Multiple security flaws found in UK retail banks’ digital services

Cyber security flaws still too prevalent in retail bank offers, says consumer rights group.

UK retail banks have been urged to “up their game” by consumer rights organisation Which? after a survey uncovered multiple security flaws that put customers at risk.

Failure to block weak passwords, sending sensitive data including one-time passcodes via SMS, and not timing out inactive customer sessions were among the issues found in the organization’s latest annual survey of the sector.

Which? works with security experts at Red Maple Technologies to test the defenses of online and mobile banking services. It tests across four categories;

  • Encryption – including transport layer security (TLS), scripts that load from external sources, domains and subdomains that are publicly exposed when they shouldn’t be, and whether mobile apps run on rooted devices;
  • Login – what information banks request, password security, use if easily-compromised passcodes, and whether or not customers are required to use an individual card reader to access accounts;
  • Account management – how customers are allowed to make and verify changes;
  • Navigation and logout – covering session timeout policies and simultaneous access on multiple browsers.

Tests were run on 11 providers’ websites with Virgin Money, Nationwide, TSB and The Co-Operative Bank scoring lowest for website security. Starling, HSBC, NatWest and Lloyds were found to offer the most secure services. First Direct, Barclays and Santander were the other providers whose websites were tested, and all received mid-range assessments.

Two other providers, Monzo and US newcomer Chase, were added to the list for mobile banking app security. Virgin Money was again rated bottom of the list, behind TSB and Lloyds. The most secure mobile app services were offered by HSBC, Barclays and Starling.

Weak passwords

“Banks should not be leaving these open doors for scammers to exploit and must up their game to protect their customers properly,” said Sam Richardson, deputy editor at Which? Money. “By making improvements, such as blocking weak passwords, banks can take an important step in preventing unscrupulous fraudsters from attempting to steal money and personal data from consumers.”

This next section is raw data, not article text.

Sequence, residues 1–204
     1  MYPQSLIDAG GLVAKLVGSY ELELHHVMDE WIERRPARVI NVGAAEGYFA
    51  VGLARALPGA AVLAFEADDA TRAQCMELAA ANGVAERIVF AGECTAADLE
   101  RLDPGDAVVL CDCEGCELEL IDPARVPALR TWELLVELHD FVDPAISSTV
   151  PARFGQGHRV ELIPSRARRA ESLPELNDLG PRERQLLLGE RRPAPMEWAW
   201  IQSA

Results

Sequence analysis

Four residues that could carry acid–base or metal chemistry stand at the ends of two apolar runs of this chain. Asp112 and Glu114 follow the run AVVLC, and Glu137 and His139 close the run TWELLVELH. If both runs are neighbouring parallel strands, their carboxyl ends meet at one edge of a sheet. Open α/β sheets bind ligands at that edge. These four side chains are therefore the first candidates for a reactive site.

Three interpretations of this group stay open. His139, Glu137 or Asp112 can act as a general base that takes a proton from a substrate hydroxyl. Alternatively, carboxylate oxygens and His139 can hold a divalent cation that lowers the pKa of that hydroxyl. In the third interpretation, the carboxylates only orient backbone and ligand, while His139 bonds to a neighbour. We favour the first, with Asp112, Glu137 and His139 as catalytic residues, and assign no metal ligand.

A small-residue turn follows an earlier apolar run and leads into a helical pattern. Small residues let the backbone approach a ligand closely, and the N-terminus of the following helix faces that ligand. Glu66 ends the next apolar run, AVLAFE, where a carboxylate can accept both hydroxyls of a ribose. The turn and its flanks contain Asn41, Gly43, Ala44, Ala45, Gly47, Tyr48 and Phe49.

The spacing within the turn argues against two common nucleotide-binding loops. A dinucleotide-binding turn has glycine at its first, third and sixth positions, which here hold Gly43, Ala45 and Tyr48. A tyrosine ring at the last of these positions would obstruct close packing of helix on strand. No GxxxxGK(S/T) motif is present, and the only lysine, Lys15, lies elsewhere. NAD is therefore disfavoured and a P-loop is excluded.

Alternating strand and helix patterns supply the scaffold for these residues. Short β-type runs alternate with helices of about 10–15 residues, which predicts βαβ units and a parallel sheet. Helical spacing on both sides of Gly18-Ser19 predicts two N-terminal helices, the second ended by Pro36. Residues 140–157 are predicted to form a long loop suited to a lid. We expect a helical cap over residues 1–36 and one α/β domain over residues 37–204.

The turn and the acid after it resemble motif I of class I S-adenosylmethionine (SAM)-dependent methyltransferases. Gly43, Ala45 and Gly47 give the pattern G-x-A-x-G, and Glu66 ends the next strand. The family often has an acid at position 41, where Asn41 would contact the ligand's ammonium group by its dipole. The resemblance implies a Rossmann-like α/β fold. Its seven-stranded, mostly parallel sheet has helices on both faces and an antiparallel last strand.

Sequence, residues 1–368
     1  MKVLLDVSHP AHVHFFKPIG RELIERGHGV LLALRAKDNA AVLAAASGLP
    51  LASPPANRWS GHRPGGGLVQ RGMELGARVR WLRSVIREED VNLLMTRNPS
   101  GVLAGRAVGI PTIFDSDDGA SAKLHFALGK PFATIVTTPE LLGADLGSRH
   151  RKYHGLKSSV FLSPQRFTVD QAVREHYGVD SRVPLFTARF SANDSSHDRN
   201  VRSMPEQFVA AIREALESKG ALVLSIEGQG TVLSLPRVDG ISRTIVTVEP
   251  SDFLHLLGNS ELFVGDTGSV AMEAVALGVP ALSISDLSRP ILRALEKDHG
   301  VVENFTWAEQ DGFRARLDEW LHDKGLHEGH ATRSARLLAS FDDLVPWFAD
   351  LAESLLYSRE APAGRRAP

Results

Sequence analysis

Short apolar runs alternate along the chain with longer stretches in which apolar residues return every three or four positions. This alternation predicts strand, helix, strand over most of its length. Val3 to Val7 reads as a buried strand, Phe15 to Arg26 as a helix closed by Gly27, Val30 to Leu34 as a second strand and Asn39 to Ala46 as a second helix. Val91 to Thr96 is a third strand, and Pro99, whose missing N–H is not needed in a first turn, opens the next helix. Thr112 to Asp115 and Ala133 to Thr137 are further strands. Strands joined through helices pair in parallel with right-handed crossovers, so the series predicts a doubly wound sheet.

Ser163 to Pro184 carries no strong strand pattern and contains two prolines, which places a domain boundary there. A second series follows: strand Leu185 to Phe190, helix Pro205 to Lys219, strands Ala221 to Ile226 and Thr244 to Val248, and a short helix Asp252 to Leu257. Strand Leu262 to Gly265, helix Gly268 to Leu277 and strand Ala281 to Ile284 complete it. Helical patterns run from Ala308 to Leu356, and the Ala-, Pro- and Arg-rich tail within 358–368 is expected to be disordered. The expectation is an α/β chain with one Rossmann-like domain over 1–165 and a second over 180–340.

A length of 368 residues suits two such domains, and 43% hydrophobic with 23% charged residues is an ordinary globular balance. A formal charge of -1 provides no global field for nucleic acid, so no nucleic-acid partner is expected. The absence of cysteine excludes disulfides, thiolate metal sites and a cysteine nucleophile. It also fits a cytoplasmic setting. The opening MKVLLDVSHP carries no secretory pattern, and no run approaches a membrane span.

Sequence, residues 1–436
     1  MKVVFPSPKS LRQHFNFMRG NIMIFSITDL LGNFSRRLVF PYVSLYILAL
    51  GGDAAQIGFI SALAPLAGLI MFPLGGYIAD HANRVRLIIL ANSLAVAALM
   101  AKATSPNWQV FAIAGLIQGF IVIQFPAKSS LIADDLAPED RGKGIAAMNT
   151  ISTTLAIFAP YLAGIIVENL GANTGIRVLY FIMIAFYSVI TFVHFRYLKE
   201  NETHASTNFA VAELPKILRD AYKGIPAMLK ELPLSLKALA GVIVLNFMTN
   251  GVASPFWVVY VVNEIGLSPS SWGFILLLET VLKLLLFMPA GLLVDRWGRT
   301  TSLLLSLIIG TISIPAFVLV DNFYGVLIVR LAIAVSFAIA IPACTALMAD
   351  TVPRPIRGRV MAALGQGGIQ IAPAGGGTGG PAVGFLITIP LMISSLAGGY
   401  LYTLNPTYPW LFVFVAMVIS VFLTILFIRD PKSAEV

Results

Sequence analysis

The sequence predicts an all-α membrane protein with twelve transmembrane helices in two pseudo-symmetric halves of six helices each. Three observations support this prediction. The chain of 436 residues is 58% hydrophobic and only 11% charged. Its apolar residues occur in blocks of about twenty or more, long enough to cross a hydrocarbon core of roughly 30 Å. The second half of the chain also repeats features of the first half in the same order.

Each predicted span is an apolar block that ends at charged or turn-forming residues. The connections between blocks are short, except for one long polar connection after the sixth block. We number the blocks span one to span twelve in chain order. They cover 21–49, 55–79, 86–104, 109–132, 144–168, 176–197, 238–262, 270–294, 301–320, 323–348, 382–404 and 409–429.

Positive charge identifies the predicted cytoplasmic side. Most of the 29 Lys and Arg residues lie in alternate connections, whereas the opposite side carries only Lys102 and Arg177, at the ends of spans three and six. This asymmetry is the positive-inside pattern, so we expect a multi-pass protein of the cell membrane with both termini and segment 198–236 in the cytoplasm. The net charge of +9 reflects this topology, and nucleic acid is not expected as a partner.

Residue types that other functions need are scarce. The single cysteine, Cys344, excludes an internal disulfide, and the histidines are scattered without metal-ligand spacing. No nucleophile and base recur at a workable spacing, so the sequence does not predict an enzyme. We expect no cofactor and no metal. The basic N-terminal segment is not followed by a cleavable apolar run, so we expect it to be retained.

Virgin Money was judged to have multiple failures, scoring 52% on its website and 54% on its mobile app. Testers found six outdated Virgin Money apps with potential vulnerabilities. The report voices concern over its failure to:

  • block weak passwords;
  • redact phone numbers on notifications;
  • impose security checks if account holders want to set up new payments or edit payee details.

Last year’s Which? Study also gave Virgin Money one of the worst ratings. But the provider responded that safety and security were “our top priority” and insisted that: “A number of the points raised in this research relate to decisions we’ve taken to enhance the digital user experience while ensuring our robust, multi-layered controls remain in place to protect customers’ accounts”.

Fraud prevention

Nationwide said it would “take the points raised by Which? on board”, while TSB insisted it “tracks well across the industry on fraud prevention” and pointed out that “we are the only bank that protects its customers with a guarantee to return their money should they ever fall victim to fraud”.

Starling, which scored well across all categories of testing, received praise for using its app to authorise online logins and to alert customers to suspicious activity. HSBC also performed well.

Which? wants retail banks to do more to combat scammers who are using increasingly sophisticated methods. Blocking weak passwords and a more mature approach to data sharing are suggested first steps.